A die is the tool shape that the aluminium is pushed through to create the profile. Dies are made of tool steel (normally sis 2242). The die aperature, which corresponds to the desired cross section of the profile, is produced by spark erosion.
There are two main classes of profile – solid and hollow
Solid profiles are produced using a flat, disc-shaped die.
Hollow profiles are produced using a two-part die. In hollow dies, the mandrel (the part that shapes the cavity in the profile), is supported on a bridge. During extrusion, the metal separates around the bridge. The other part of the die shapes the outer contour of the profile. Large and medium-sized profiles are pressed through a die with only one aperture. Smaller profiles can be advantageously pressed through multi-apertured dies – there may be as many as 16 apertures. Die lifetime depends on the shape and desired surface quality of the profile.
Casting is a manufacturing process by which a liquid material is usually poured into a mold, which contains a hollow cavity of the desired shape, and then allowed to solidify. The solidified part is also known as a casting, which is ejected or broken out of the mold to complete the process. Casting materials are usually metals or various cold setting materials that cure after mixing two or more components together; examples are epoxy, concrete, plaster and clay. Casting is most often used for making complex shapes that would be otherwise difficult or uneconomical to make by other methods.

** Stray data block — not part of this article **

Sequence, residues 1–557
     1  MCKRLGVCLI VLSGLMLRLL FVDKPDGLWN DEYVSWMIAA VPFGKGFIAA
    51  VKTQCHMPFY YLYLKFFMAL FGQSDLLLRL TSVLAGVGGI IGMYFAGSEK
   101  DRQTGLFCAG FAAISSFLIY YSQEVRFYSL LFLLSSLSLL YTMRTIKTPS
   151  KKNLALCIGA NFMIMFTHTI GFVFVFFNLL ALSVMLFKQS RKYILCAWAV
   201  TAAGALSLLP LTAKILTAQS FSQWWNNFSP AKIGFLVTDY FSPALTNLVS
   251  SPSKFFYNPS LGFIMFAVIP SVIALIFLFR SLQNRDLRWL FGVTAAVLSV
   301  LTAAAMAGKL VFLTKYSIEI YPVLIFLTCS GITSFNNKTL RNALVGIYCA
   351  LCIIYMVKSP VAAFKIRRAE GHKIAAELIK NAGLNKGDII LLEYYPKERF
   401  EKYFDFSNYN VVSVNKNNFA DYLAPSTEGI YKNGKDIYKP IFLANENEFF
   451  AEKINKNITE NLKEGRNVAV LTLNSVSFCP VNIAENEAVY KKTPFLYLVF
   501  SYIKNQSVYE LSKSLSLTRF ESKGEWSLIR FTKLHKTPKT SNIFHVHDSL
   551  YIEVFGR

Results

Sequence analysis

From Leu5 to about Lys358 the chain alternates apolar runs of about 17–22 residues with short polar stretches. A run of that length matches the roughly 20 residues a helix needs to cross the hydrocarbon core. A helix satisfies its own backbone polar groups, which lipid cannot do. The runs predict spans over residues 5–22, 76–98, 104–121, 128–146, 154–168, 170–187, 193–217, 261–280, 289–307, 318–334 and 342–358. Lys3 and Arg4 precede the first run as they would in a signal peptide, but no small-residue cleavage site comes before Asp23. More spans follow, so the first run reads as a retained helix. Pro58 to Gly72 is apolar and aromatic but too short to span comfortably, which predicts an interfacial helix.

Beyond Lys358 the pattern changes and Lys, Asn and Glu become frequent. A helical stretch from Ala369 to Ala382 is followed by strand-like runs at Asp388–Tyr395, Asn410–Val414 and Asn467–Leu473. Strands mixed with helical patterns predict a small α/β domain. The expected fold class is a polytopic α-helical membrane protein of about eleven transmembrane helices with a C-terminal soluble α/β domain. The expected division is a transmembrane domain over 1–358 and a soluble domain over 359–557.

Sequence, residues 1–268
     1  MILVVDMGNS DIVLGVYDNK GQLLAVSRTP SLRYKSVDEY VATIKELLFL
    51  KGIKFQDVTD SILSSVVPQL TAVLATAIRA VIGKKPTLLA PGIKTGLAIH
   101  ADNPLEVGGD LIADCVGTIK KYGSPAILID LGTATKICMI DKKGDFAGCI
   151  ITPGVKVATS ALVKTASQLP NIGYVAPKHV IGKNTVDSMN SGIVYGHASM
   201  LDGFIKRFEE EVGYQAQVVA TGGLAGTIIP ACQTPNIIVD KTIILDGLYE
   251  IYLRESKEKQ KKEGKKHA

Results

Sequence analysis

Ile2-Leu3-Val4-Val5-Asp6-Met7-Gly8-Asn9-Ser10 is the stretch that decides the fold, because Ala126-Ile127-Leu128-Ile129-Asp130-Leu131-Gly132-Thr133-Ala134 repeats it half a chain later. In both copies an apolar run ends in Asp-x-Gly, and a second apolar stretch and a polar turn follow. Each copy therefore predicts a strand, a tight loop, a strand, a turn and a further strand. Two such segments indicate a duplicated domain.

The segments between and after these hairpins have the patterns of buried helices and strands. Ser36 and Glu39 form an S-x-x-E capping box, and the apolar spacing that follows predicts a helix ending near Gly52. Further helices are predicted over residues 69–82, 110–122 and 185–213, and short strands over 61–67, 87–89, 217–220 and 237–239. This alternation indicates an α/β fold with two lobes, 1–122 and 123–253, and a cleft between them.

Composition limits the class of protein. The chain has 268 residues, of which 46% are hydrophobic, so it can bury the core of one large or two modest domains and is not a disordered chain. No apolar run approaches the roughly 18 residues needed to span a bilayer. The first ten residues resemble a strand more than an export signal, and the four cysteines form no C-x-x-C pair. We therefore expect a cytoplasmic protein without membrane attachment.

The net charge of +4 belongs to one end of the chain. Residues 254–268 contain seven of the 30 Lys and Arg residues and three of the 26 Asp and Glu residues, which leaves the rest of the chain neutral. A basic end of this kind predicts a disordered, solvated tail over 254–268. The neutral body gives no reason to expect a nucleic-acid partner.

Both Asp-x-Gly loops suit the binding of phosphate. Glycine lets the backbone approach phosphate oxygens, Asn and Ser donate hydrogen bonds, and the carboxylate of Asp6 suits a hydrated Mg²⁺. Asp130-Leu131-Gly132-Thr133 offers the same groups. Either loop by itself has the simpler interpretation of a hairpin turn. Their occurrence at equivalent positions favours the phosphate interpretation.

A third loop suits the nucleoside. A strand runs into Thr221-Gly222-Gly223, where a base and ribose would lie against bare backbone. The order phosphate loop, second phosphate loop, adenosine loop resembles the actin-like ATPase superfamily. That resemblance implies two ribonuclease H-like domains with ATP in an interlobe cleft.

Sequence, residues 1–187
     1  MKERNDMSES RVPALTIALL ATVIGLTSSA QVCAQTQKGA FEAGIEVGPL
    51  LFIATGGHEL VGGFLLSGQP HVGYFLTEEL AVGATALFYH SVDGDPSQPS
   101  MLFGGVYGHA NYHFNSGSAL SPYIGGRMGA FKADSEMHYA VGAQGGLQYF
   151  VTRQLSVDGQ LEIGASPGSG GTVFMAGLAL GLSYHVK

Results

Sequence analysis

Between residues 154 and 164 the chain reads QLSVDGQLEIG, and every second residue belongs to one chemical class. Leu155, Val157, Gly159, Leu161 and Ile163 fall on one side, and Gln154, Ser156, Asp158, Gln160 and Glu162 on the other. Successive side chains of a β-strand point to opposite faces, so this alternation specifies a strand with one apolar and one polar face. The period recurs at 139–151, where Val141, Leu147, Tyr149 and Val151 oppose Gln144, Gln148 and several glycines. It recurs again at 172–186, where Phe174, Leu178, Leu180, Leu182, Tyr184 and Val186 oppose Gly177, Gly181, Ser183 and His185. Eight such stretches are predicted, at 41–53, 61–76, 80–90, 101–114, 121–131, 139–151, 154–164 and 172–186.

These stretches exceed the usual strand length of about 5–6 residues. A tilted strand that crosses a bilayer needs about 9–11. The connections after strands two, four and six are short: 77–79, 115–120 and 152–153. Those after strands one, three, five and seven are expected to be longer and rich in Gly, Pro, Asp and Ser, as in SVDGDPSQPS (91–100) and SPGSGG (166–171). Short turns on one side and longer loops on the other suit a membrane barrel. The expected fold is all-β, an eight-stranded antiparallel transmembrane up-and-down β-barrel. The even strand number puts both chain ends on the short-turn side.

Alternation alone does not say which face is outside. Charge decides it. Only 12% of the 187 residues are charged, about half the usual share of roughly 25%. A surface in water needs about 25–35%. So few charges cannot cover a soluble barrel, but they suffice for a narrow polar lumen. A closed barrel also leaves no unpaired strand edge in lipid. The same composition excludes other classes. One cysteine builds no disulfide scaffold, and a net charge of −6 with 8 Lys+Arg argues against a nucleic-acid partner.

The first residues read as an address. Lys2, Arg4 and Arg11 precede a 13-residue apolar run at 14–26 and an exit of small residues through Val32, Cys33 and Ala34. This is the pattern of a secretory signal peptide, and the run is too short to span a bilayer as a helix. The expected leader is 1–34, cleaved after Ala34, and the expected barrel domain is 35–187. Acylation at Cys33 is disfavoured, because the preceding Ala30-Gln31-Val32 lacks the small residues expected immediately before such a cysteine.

Die casting is a metal casting process that is characterized by forcing molten metal under high pressure into a mould cavity. The mold cavity is created using two hardened tool steel dies which have been machined into shape and work similarly to an injection mold during the process. Most die castings are made from non-ferrous metals, specifically zinc, copper, aluminium, magnesium, lead, pewter and tin based alloys. Depending on the type of metal being cast, a hot- or cold-chamber machine is used.
There are two basic types of die casting machines: hot-chamber machines and cold-chamber machines.These are rated by how much clamping force they can apply.
1. Hot-chamber machines
2. Cold-chamber machines
GALCO’s design department is fully supported with latest version of Auto Cad and other related simulation software where the designed dies can be virtually visualize with its fatigue / flow patterns / support zones and corrected at the first stage resulting the success of any die during 1st Trial and the delivery on schedule.